A: After it has set, we never touched it but attempted to sand and paint it. It’s similar to a mixture of caulk and plaster, slightly flexible, and doesn’t sand as smoothly as plaster.
Q: Since it is flexible, can I skip taping the joints in the gypsum wallboard?
A: Absolutely not. It is essential to use tape and mud for joint reinforcement.
Q: How long should I wait before applying a second coat?
A: Before applying a second coat, lightly sand the patch. If the patch sands away, creating dust instead of balling up and rolling off or clogging the sandpaper, it is likely to dry enough to be recoated.
Q: Can this product be applied to a mesh patch for repairing a larger hole?
Alex Flex is specifically designed for flexibility. You may want to search for “drywall butterfly patch” on Google for repairing larger holes.
Q: Is it necessary to use tape or mesh with this product to fix settling cracks?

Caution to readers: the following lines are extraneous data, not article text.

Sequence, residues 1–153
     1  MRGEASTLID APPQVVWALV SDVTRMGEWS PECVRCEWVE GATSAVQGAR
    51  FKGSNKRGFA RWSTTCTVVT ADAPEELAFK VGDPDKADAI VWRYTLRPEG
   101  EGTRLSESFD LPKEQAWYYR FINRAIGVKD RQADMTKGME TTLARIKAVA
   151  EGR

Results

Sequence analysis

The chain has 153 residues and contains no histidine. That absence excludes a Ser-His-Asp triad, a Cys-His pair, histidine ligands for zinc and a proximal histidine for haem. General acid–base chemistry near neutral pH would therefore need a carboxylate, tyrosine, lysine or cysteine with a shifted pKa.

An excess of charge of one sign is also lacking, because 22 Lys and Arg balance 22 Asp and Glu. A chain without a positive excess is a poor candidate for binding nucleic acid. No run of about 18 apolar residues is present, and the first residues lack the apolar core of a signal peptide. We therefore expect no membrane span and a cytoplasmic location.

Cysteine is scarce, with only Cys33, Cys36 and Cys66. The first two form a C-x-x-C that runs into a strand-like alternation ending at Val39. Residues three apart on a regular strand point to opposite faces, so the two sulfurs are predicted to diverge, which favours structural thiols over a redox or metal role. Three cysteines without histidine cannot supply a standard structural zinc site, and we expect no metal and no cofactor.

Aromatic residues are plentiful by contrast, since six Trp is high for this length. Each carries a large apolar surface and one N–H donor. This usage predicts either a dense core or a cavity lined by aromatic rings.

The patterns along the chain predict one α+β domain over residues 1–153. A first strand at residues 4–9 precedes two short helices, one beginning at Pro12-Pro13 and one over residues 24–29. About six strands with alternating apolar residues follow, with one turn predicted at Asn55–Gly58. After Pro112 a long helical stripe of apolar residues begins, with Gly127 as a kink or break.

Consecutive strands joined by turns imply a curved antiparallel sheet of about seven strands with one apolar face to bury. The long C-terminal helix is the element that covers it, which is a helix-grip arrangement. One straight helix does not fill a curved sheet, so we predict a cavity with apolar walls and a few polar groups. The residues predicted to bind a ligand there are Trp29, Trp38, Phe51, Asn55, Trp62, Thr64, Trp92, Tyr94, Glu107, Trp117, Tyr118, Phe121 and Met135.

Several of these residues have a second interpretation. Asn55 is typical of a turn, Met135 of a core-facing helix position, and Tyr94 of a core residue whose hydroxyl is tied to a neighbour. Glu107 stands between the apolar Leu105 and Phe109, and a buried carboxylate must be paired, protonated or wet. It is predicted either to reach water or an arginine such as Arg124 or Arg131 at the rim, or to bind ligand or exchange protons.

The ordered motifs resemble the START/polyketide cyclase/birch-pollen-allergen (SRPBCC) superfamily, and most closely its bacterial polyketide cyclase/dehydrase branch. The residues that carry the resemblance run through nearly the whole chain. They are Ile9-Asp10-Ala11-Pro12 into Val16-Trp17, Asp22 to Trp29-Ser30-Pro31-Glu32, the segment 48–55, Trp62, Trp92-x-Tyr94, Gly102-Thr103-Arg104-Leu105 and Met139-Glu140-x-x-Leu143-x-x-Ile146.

A: It appears that this product is designed to be used without tape or mesh. I have recently used it to repair several settling cracks in old horsehair plaster, and so far, it seems to be working well. The true test will be the changing of seasons, but for now, it seems promising.
Q: Can you use Alex Flex on ceramic surfaces?
A: If the ceramic has a glazed finish, Dap might not adhere well to it. In such cases, it is best to roughen the surface by sandblasting it before applying the product.
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Q: Is it necessary to use water-based sealer/paint, or can oil-based sealer and paint be used instead?
A: Yes, you can use oil-based sealer and paint over Alex Flex, rather than limiting yourself to water-based options.